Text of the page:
As other athletes mimic Colin Kaepernick’s flagrant display of disrespect for the nation, the protest is no longer about the second string quarterback on the San Francisco 49ers.
Since President Barack Obama has given his blessing to the Kaepenick protest, he himself now bears responsibility for this rash of unpatriotic actions.
Obama said this:
In terms of Mr. Kaepernick, I’ve got to confess that I haven’t been thinking about football while I’ve been over here and I haven’t been following this closely, but my understanding, at least, is that he’s exercising his Constitutional right to make a statement. I think there’s a long history of sports figures doing so. I think there are a lot of ways you can do it. As a general matter, when it comes to the flag, and the national anthem, and the meaning it holds for our men and women in uniform and those who fought for us, that is a tough thing for them to get past, to then hear what his deeper concerns are. But I don’t doubt his sincerity, based on what I’ve heard. I think he cares about some real, legitimate issues that have to be talked about. And if nothing else, what he’s done is he’s generated more conversation around some topics that need to be talked about.
Our great national divider has found yet another way, not only to set blacks against whites, but to legitimize a protest that declares America to be irremediably racist. And that suggests that blacks should either go on strike or leave. Obama himself is generating a conversation around the question of whether African-Americans really belong to the nation and whether they should be loyal to the nation.
Kaepernick was not making a statement. He was not voicing an opinion. He was declaring himself separate and apart from his team and from his nation. The civil rights movement has been a fight for racial integration. Colin Kaepernick, seconded by Barack Obama, is saying that blacks do not belong and should not want to belong to America. You cannot reform a nation you do not belong to. And you cannot expect a nation to embrace you when you when you reject it.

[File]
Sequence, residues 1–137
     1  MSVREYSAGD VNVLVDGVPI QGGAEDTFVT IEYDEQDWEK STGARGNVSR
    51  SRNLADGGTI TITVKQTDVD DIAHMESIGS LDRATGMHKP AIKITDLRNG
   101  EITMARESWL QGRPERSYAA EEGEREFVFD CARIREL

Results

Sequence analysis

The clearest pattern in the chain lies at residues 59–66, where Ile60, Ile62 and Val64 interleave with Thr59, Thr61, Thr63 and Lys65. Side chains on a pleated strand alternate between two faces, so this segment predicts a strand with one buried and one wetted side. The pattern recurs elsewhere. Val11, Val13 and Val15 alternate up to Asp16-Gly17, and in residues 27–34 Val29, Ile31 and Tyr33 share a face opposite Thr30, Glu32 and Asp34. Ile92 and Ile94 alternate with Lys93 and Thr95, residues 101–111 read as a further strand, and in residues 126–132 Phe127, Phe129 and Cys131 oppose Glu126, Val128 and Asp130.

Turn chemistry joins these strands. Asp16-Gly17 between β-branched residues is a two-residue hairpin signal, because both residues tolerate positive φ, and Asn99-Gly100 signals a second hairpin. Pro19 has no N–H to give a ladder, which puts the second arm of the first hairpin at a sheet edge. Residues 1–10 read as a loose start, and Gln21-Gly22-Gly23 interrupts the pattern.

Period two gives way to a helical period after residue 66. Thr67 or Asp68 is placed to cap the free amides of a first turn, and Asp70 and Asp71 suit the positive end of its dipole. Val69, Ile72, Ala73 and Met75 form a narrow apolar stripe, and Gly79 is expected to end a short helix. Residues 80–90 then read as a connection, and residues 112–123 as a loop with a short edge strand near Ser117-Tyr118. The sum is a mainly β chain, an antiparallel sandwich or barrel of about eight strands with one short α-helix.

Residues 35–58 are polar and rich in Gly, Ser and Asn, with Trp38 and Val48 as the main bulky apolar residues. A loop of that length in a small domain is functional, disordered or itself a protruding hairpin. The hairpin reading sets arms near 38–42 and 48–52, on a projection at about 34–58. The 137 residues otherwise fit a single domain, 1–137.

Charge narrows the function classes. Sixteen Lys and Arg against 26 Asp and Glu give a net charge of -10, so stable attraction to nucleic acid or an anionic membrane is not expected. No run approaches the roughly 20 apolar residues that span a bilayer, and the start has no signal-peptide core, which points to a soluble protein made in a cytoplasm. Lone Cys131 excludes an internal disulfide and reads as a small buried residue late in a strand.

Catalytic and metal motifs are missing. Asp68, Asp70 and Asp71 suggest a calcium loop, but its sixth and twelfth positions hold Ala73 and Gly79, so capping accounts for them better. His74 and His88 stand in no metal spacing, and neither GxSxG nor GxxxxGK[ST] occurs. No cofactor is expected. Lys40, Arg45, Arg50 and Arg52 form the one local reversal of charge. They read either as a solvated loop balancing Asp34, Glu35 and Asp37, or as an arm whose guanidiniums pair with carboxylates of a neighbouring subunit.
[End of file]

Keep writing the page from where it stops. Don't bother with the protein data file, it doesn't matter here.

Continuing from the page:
Participating in a ritual is not the same as voicing an opinion. By conspicuously disrespecting a ritual and by setting himself apart Kaepernick is refusing to be a loyal and patriotic American. He is not saying that the nation has flaws, but that the nation is a flaw. If that is the way he feels then perhaps he should not be surprised to be treated accordingly. And, if he is disloyal to his nation, why should anyone expect him to be loyal to his team?
Surely, it is a touchy issue. Anytime race enters the conversation things become touchy.
Writing in the New York Times David Brooks treads lightly but gets closest to the salient point. Even though he makes occasional mention of American ideals, he is more correct and more to the point when he says that the nation holds together, adheres because we all participate in the same rituals. He also says that when people do so they are practicing a civic religion. It is, dare I say, a Confucian notion, but one that often gets lost in the idealist din.
Americans performed the same rituals on Thanksgiving and July 4; they sang the national anthem and said the Pledge in unison; they listened to the same speeches on national occasions and argued out the great controversies of our history.